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The first five letters of the Phoenician abjad. From right to left: Glottal consonant, B, G, D, H. The symbol for the glottal consonant later evolved into our "A", but it wasn't a vowel in Phoenician.
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An abjad is a type of writing system in which each symbol always or usually[1] stands for a consonant; the reader must supply the appropriate vowel. It is a term suggested by Peter T. Daniels[2] to replace the common terms consonantary or consonantal alphabet or syllabary to refer to the family of scripts called West Semitic. In popular usage, abjads often contain the word "alphabet" in their names, such as "Phoenician alphabet" and "Arabic alphabet".



According to the formulations of Daniels, abjads differ from alphabets in that only consonants, not vowels, are represented among the basic graphemes. Abjads differ from abugidas, another category invented by Daniels, in that in abjads the vowel sound is implied by phonology, and where vowel marks exist for the system, such as nikkud for Hebrew and harakāt for Arabic, their use is optional and not the dominant (or literate) form. In an abugida, the vowels (other than the "inherent" vowel) are always marked, either with a diacritic, a minor attachment to the letter or a standalone glyph. Some abugidas use a special symbol to suppress the inherent vowel so that the consonant alone can be properly represented. In a syllabary, a grapheme denotes a complete syllable, that is, either a lone vowel sound or a combination of a vowel sound with one or more consonant sounds.

Florian Coulmas, a critic of Daniels and the abjad terminology, argues that this terminology can confuse alphabets with "transcription systems", and that there is no reason to relegate the Hebrew, Aramaic or Phoenician alphabets to second class status as an "incomplete alphabet".[3] However, Daniels's terminology has found acceptance in the linguistic community.[1] [4] [5]

The system takes its name from the Arabic word for alphabet, which is derived from the first four letters of the Arabic alphabet in the older abjadi order, just as the English word "alphabet" is made up of the names of the first two letters of the Greek alphabet (alpha and beta).


A specimen of Proto-Sinaitic script containing a phrase which may mean 'death to Baalat'. The line running from the upper left to lower right reads mt l bclt.

All known abjads belong to the Semitic family of scripts. These scripts are thought to derive from the Proto-Sinaitic alphabet (dated to about 1500 BC) which is thought to derive from Egyptian hieroglyphs. The abjad was significantly simpler than the earlier hieroglyphs. The number of distinct glyphs was reduced tremendously, at the cost of increased ambiguity.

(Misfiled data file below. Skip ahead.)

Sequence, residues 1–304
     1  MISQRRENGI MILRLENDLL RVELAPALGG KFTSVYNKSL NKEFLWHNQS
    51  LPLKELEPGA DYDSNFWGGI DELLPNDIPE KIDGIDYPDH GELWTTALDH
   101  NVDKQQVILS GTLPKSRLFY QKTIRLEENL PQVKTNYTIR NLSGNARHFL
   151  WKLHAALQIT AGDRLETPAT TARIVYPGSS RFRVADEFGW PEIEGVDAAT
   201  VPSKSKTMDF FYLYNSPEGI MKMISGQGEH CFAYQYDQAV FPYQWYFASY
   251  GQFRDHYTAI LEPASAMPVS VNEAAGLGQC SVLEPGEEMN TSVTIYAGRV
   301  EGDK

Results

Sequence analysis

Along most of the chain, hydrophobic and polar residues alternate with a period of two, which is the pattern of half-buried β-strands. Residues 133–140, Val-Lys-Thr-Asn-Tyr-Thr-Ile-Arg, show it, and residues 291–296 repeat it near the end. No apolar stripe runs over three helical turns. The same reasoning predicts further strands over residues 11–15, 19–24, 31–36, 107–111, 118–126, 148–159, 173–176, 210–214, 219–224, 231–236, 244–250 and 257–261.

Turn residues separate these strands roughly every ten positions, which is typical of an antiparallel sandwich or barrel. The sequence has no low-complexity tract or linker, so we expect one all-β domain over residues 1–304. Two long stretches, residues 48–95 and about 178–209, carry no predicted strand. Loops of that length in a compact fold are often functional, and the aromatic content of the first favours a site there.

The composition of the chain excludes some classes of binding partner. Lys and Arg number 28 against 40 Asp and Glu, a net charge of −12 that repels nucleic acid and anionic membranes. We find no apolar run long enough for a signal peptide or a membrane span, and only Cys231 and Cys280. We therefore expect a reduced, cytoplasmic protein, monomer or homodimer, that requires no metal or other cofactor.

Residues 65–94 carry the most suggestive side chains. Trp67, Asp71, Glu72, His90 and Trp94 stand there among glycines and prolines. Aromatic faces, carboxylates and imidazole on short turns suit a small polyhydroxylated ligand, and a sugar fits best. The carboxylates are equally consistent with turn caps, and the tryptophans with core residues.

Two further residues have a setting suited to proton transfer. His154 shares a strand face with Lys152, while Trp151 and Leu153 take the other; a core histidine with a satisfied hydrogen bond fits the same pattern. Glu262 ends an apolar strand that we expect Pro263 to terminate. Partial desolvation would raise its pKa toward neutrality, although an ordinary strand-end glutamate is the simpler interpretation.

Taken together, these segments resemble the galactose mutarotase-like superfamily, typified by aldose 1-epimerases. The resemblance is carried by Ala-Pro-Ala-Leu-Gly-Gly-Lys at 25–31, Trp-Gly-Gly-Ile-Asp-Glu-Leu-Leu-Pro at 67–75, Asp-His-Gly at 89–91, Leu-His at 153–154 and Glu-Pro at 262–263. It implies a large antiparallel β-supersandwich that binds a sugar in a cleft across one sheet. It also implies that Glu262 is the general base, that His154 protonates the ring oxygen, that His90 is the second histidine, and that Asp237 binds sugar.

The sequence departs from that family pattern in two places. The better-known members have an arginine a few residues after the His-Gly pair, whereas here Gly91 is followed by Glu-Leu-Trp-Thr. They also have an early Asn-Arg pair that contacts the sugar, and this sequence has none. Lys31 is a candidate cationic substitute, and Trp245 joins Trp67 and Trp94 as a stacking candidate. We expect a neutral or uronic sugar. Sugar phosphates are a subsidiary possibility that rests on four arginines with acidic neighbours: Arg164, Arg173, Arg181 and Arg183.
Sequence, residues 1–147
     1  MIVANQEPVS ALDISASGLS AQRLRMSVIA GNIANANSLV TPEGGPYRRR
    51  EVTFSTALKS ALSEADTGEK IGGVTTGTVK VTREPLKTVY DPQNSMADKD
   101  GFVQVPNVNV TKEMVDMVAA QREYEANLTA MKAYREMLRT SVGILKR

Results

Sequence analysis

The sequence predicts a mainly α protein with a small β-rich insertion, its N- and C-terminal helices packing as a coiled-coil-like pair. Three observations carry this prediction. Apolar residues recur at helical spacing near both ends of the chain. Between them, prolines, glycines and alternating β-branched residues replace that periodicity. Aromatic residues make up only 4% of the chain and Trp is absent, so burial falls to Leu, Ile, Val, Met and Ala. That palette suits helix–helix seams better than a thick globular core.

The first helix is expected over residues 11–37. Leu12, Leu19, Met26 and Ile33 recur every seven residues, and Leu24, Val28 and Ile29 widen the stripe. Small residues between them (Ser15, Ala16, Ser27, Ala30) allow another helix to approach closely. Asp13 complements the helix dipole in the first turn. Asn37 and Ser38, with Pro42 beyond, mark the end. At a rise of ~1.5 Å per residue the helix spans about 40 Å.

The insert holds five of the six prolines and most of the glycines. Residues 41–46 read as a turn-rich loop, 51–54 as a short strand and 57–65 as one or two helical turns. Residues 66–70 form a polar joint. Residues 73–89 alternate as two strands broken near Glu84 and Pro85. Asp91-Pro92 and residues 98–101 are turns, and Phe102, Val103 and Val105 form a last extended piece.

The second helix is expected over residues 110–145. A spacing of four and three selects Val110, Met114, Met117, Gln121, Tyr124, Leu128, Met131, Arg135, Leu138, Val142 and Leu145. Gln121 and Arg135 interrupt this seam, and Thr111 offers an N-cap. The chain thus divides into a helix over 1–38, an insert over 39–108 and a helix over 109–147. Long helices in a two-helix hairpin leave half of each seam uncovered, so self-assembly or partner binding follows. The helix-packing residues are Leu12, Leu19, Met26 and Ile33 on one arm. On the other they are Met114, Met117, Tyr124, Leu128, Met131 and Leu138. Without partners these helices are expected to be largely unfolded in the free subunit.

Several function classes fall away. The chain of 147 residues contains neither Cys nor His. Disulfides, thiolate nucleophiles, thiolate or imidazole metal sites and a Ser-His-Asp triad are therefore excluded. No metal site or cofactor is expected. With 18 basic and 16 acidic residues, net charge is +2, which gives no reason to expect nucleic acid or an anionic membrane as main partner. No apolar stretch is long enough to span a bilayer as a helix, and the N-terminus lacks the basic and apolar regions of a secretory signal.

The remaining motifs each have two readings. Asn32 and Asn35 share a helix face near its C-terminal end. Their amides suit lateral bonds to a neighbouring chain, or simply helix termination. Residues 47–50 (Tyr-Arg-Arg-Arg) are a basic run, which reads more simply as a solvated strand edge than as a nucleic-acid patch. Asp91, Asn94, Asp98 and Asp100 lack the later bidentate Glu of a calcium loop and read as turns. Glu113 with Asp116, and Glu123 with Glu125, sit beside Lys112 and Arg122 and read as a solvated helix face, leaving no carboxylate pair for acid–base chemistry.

The first abjad to gain widespread usage was the Phoenician abjad. Unlike other contemporary scripts, such as Cuneiform and Egyptian hieroglyphs, the Phoenician script consisted of only about two dozen symbols. This made the script easy to learn, and Phoenician seafaring merchants took the script wherever they went. Phoenician gave way to a number of new writing systems, including the Greek alphabet, and Aramaic, a widely used abjad. Greek evolved into the modern western alphabets, such as Latin and Cyrillic, while Aramaic became the ancestor of many modern abjads and abugidas of Asia.

Aramaic spread across Asia, reaching as far as India and becoming Brahmi, the ancestral abugida to most modern Indian and Southeast Asian scripts. In the Middle East, Aramaic gave rise to the Hebrew and Nabataean abjads, which retained many of the Aramaic letter forms. The Syriac script was a cursive variation of Aramaic. It is unclear whether the Arabic abjad was derived from Nabatean or Syriac.

Connections with numbers

Modern abjads have also been used for isopsephy, a system of assigning numeric values to individual letters. Before the development of the positional number system, this was one of the regular systems for writing numbers. In some languages, the relationship between words and numbers created by this system has led to poetic and mystical usages, such as the Kaballah being a poetical and numerical deviation from the Hebrew Bible.

Impure abjads

"Al-'Arabiyya", lit. "the Arabic" An example of the Arabic script, which is an impure abjad. For example, the vertical bar in the beginning indicates that the word begins with a vowel without determining it.